A week and a half ago, I was at a high school missions event and had the opportunity to hear Josh McDowell speak for the first time. Since that time, I’ve reflected on two things: 1) no one under 30 seems to know who he is and 2) his perspective on apologetics may have more merit than I realized.
To briefly address the first issue, McDowell (now 74 years old), is a longtime staple in the evangelical youth ministry circuit and amongst those interested in Christian apologetics (the defense, explanation, or proof of the Christian faith). His heyday was in the 1970s and 1980s, though his legacy persists today amongst those of a certain age.
My second thought may be connected to his eclipse in the popular mind, for the kind of propositional and evidence-based apologetics he provides have long felt to me to be out of place in the postmodern world. McDowell’s form of apologetics (or at least what I understood him to be saying), can be summed up in perhaps his best-known work Evidence That Demands a Verdict. The title tells you a lot about his approach. Basically, he was going to give you some logical reasons and evidence to believe (in the Bible, in the Resurrection, etc.), and you were going to have to decide it they were true or not. This binary (True/False) is predicated upon a world that thinks in terms of universal Truth and an overarching narrative that explains everything.
The problem with this argument during the past two decades or longer has been that American society no longer lives in this kind of world. Like the arguments of C. S. Lewis I have discussed elsewhere, the approach that seeks to prove or logically argue for the existence of God can largely be ignored by a postmodern culture that does not think in terms of grand “metanarratives” that explain all of reality, but rather lots of different “truths” or narratives that can all exist at the same time. It may be logically inconsistent, but that’s our world. As I heard a British pastor once say: “It isn’t that you have to convince someone that the Resurrection happened. They’ll accept that. But then they’ll accept a lot of things. The bigger question to answer is what to do when they say, ‘OK, so what?'”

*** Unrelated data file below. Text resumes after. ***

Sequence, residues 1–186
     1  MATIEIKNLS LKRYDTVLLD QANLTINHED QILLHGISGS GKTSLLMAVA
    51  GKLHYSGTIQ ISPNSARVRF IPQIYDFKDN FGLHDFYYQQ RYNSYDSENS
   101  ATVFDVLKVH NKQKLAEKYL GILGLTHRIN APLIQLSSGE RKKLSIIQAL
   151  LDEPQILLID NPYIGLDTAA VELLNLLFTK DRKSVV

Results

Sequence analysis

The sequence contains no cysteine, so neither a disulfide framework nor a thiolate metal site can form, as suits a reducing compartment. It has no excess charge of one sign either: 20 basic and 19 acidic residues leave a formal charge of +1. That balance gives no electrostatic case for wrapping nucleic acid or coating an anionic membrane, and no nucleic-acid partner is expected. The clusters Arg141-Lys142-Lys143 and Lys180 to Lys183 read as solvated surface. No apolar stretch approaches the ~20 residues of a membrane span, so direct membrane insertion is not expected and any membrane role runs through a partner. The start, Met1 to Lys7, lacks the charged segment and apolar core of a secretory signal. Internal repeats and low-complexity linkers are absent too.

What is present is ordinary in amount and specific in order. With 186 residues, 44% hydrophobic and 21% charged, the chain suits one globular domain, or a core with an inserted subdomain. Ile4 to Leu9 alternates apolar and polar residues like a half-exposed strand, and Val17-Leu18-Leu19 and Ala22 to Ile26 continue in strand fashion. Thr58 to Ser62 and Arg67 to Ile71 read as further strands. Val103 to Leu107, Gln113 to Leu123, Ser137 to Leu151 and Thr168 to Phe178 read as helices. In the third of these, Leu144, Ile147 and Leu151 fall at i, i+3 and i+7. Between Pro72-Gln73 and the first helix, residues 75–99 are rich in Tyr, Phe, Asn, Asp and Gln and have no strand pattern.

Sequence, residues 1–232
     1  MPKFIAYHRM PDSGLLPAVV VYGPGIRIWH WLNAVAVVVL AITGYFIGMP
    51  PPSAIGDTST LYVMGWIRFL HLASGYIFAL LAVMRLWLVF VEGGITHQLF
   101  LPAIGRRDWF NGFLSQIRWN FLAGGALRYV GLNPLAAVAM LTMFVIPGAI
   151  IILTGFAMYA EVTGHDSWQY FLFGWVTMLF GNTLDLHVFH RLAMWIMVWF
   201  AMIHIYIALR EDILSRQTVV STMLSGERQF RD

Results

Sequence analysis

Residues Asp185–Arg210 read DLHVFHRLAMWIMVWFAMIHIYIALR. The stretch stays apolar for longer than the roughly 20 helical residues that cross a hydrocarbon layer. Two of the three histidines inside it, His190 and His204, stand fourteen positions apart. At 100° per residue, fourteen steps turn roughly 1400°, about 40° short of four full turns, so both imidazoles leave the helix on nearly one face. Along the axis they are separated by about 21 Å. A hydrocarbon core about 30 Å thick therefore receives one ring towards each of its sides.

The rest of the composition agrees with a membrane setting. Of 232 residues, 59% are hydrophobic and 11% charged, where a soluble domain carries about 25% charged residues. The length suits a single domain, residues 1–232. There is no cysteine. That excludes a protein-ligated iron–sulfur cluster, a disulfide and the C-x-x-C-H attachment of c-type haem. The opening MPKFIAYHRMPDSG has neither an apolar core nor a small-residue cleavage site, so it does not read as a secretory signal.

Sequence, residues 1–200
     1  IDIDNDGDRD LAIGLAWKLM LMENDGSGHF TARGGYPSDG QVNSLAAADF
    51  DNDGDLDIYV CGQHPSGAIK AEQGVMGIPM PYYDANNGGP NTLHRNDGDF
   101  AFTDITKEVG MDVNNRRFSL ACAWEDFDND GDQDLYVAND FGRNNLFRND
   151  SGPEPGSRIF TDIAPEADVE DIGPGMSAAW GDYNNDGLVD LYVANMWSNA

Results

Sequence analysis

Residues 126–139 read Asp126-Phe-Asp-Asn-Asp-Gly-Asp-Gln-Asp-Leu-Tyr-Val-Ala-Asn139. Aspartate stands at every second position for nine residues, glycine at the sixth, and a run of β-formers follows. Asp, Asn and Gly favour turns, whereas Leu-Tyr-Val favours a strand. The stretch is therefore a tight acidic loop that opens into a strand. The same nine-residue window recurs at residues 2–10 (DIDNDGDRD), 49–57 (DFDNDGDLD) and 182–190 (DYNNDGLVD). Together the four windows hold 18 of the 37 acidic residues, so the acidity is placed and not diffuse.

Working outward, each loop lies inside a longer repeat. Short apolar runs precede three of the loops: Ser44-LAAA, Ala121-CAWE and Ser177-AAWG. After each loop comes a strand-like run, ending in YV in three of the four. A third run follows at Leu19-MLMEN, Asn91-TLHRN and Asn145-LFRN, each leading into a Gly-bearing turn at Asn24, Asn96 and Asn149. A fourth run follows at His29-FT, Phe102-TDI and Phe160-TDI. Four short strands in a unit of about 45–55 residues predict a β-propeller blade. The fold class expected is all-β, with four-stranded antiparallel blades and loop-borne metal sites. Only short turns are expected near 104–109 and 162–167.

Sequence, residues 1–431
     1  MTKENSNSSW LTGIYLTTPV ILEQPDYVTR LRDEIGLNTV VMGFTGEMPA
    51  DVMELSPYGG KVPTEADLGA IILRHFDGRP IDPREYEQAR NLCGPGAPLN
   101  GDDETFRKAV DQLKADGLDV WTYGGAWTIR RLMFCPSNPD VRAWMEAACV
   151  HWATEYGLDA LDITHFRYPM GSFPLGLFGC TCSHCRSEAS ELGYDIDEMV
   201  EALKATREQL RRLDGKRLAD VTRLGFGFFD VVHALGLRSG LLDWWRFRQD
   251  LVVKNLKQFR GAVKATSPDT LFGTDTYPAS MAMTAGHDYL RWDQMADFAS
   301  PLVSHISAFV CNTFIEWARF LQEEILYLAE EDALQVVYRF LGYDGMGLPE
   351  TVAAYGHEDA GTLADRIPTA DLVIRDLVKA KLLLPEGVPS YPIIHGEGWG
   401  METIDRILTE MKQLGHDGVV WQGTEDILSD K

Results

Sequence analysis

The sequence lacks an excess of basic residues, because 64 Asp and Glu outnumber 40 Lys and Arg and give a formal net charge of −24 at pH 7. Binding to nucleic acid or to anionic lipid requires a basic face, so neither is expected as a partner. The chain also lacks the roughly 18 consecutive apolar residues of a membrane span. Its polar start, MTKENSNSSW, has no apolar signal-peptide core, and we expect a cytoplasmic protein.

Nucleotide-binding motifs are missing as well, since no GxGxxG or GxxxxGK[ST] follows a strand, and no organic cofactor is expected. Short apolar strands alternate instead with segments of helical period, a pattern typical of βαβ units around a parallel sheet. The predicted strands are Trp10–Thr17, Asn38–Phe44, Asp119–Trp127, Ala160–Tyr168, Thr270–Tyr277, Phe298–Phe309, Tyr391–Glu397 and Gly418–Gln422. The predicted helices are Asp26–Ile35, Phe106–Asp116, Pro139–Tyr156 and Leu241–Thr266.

So it is that as I’ve thought about this and spoken to teens on the subject of apologetics over the past decade or so, I’ve de-emphasized the McDowell evidentialist approach in favor of a personal narrative based approach to the Truth who is Jesus Christ. I’ve said, basically, that you can’t argue or debate someone into believing in God with evidence, so why even try? Yet consider this: while postmodernism may de-emphasize big “T” Truth, it does provide us space to share our stories and experiences with God. This isn’t argument; it is testimony.
I believe that in a postmodern world that the story of our trust in and relationship with God may be the best apologetic of all. We know that God can work through this, and that in our open-minded culture people will be open to hearing “our truth” and experience of God acting in our lives. Their minds might be open to lots of ideas, but they’ll be open to ours too. The gospel can and does work through such opportunities, and in postmodern world, maybe that’s the best we can do.
These were generally my thoughts until the other night. In the service, McDowell asked a student if they believed some basics of Christianity (existence of God, Jesus, etc.). The student said yes. Then he asked her why. She had no real answer besides “that’s how I was brought up.” Not exactly an earth-shattering answer. Even if she had been able to clearly articulate her story of faith as a personal narrative, I feel there would have been a lot lacking in terms of thoughtful depth. Not wanting to single her out too much, McDowell then said he’s asked that same question many times and rarely, if ever, received a thorough answer. He said that it is imperative in our Internet age to be able to answer questions and give reasons, because there are a host of ways to “prove” Christianity isn’t real, worth our time, or worth giving any positive attention at all.
I thought about all this, and realized that he’s right.
(to be continued)